John Huston's 1951 film classic "The African Queen" stars Humphrey Bogart and Katharine Hepburn, the top-rated male and female screen legends by the American Film Institute (AFI) in 1999. This fact alone sets the movie apart, as it is the only film starring both of these legendary actors. The AFI also named "The African Queen" the 65th greatest English-language film in 1999.
Based on the novel of the same name by author C.S. Forester, the screenplay was written by James Agee and John Huston. The story is set in Africa during World War I and focuses on an unlikely pair traveling downriver together. Rose, played by Katharine Hepburn, is a British missionary, rather proper and uptight, whereas Charlie Allnut, the proprietor of the boat The African Queen, is a drifter and jack of all trades who smokes and drinks and is generally everything Rose seems to despise. Their initial goal is to hide out from the Germans on the boat, but later Rose concocts a scheme to attack a German warship from the tiny craft and aid the war effort.
This film was nominated for four Oscars, for best actor in a leading role, best actress in a leading role, best director and best screenplay. "The African Queen" won Humphrey Bogart his only Oscar, and it was the only one the film received. Hepburn lost out to Vivien Leigh in "A Streetcar Named Desire," but she had won one earlier and went on to win three more, the most ever for best actress in a leading role.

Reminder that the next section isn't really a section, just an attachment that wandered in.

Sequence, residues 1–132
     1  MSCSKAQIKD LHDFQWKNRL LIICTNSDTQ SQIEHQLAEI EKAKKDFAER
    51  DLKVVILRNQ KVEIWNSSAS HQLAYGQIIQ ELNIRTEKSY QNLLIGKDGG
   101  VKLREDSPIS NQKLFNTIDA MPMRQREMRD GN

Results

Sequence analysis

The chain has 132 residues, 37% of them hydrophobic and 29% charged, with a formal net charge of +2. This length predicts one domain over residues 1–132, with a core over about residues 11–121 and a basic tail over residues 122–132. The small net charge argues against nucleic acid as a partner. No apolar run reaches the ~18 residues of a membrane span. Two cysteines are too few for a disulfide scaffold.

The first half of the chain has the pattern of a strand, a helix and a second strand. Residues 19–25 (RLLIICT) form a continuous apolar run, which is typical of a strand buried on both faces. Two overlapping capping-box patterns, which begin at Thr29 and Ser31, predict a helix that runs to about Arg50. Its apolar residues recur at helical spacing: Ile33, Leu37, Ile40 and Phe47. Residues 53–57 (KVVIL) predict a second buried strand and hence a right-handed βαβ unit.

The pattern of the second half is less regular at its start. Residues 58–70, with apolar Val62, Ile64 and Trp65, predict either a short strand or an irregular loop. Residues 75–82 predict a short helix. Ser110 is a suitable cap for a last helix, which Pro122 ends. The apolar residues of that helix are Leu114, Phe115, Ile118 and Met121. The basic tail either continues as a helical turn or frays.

This demanding shoot saw many cast and crew members become ill with afflictions such as malaria and dysentery. During the filming, the boat used as the African Queen, the LS Livingstone, sank twice and had to be raised. It can be seen in Key Largo, Florida, on Highway 1. Although Hepburn and Bogart are synonymous with the film, the first choices for leads were John Mills and Bette Davis. Walt Disney based his Disneyland attraction, The Jungle Cruise, on this movie.
During filming, only Bogart escaped becoming ill. He credited his lack of sickness with not drinking water but rather Scotch. Katharine Hepburn, however, only drank water to show her distaste for Bogart and Huston's heavy drinking. She came down with a severe case of dysentery due to this. Much of the movie was filmed in Uganda and the Belgian Congo and on the African rivers, the Ruiki and the Lualaba. For production, Huston had a camp built for cast and crew in Biondo, which included a bar, a restaurant and one-room bungalows.